1.1 Referencing common knowledge
Now that you have an understanding of what common knowledge is, consider the following statement.
‘Common knowledge doesn’t need to be referenced.’
Do you think this statement is accurate?
While the statement is generally accurate as there is no need to provide a reference for a piece of factual information that is deemed to be common knowledge, as you saw in the previous section, it is not a simple distinction to make. Deciding whether something is ‘common knowledge’ is a matter of academic judgement.
If you are in doubt whether something is common knowledge, the best approach is to assume the point is not common knowledge, and therefore you should supply a reference. In general terms, it is better to supply a reference (and for it to not be needed) than to not include one, and discover it was necessary. It is also a good idea to discuss your concerns with your tutor, who can give you advice specific to your subject and level of study.
The following list provides some examples of common knowledge:
- that the Earth revolves around the Sun
- the name of current Prime Minister of the UK
- that football is a popular team sport played around the world
- that Twitter is an example of a social media platform.
You can consider these as common knowledge because:
- most people know these things;
- they are easy to verify by referring to a number of different, easily accessible sources (e.g. a dictionary, encyclopaedia, basic internet search engine query, asking friends, etc.).
Anything that has to be looked up in a specialist reference book or is attributable to a specific author would not count as common knowledge.
Are the following general examples common knowledge?
1. The capital of France is Paris.
Even if you didn’t know the capital of France, you would probably have no difficulty in finding this information. This can, therefore, be regarded as common knowledge.
2. A red traffic light means a car driver must stop at or behind the white line (or where otherwise indicated).
This is common knowledge in the UK (and many other countries too). It is also in the Highway Code, in the section on ‘Signs and Signals’. So you would reference it if you wanted to prove to somebody that this was in the Highway Code; otherwise, you would not.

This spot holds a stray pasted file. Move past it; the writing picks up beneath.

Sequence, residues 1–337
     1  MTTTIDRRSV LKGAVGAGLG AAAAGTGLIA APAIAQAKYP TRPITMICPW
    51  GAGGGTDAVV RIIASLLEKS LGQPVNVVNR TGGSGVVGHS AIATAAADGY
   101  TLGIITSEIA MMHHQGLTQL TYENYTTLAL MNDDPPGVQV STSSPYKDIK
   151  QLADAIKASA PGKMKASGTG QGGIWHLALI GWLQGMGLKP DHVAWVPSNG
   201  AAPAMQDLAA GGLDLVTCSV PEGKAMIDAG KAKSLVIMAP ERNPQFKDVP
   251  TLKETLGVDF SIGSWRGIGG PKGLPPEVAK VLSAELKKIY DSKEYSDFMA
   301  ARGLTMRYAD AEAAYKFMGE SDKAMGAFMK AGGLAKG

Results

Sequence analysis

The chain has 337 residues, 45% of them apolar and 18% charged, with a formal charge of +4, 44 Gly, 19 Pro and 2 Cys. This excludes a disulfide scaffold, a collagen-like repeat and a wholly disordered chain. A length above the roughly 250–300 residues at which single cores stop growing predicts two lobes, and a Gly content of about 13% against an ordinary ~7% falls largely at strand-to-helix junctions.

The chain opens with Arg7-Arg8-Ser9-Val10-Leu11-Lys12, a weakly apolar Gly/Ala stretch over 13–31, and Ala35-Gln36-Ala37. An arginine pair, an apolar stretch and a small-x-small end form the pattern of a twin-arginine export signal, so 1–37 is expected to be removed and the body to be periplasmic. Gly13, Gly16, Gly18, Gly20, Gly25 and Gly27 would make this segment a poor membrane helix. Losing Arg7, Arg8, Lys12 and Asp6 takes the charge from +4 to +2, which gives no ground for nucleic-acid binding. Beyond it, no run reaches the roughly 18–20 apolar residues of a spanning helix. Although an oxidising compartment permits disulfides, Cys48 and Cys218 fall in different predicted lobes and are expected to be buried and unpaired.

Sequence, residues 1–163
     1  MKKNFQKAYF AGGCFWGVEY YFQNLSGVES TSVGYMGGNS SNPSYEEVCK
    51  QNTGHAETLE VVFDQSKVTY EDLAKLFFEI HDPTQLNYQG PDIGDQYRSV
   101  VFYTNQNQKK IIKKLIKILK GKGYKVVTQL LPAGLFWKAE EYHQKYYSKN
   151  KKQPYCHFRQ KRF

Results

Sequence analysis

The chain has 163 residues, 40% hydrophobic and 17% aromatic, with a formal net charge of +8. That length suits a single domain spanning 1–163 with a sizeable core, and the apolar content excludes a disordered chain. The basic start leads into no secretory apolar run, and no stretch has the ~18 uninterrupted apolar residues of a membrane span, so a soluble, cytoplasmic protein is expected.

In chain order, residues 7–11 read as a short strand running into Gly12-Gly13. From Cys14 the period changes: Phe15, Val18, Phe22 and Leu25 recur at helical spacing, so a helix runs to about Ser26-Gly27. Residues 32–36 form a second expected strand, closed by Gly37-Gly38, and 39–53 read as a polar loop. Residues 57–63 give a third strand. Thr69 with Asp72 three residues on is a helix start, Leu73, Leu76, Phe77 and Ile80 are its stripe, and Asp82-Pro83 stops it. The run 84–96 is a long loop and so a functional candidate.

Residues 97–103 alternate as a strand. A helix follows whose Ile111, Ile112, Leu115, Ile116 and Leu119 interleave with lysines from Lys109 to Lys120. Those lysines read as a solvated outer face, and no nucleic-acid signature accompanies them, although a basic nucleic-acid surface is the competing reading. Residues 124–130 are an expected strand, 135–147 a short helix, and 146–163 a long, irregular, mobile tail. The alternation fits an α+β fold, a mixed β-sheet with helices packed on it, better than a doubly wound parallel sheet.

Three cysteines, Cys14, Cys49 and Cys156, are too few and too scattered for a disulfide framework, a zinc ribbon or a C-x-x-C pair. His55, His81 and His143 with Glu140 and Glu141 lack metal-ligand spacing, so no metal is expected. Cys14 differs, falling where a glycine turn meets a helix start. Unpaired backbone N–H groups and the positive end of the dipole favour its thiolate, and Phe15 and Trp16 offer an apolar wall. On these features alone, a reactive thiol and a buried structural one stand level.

3. The population of England and Wales in 1700 was about 5.5 million.
Think about how difficult it would be to find this information. Even though this figure might not be contested, it is not the kind of thing that people commonly know and it would be tricky to look up. It is, therefore, not common knowledge and would need a reference.
4. Consider the following statement:
‘Obesity is a medical term describing a condition in which a persons body mass index (BMI) exceeds the recommended level for someone of the height and weight.’
Is this common knowledge?
There is currently a lot of concern about obesity in the UK. You may have seen similar statements in a variety of easily accessible sources, including mainstream media and online sources. As it stands, this statement might be considered common knowledge.
However, it is easy to move beyond common knowledge. For example, questions have been raised about the relevance of the BMI as a measure of obesity as it does not distinguish between fat and muscle; so, for example, many athletes have a high BMI. Questions have also been raised about whether using the term ‘obesity’ stigmatises people who are overweight. Is obesity really a disease? Or is it one of a number of risk factors that may make people more susceptible to conditions such as diabetes or coronary heart disease? Are we focusing too much on reducing weight in individuals and making them feel to blame, rather than tackling environmental causes of obesity, such as over-reliance on motorised transport, manufacture of highly processed foods and lack of safe places to play? As you can see, once you start to explore interpretations or arguments, you need to use references to acknowledge the writers and researchers who generated these ideas.